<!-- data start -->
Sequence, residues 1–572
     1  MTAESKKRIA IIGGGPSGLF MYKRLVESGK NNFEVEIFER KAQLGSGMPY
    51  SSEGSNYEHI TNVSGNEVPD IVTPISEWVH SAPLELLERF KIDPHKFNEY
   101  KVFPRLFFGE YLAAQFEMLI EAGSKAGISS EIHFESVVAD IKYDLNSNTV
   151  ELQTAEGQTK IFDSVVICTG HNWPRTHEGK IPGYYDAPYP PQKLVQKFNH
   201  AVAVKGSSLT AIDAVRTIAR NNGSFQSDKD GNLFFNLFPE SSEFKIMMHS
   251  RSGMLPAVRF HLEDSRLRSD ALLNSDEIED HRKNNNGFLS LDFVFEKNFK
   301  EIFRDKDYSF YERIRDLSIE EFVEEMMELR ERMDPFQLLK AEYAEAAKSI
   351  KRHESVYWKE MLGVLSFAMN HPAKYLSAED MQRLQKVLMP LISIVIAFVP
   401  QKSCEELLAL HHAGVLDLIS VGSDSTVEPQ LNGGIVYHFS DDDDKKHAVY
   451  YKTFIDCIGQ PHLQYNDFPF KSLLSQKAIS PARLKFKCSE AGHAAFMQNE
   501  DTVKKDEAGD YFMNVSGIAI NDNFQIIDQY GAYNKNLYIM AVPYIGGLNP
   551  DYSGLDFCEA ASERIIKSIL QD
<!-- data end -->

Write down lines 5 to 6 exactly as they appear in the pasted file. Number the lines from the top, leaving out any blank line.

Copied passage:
   151  ELQTAEGQTK IFDSVVICTG HNWPRTHEGK IPGYYDAPYP PQKLVQKFNH
   201  AVAVKGSSLT AIDAVRTIAR NNGSFQSDKD GNLFFNLFPE SSEFKIMMHS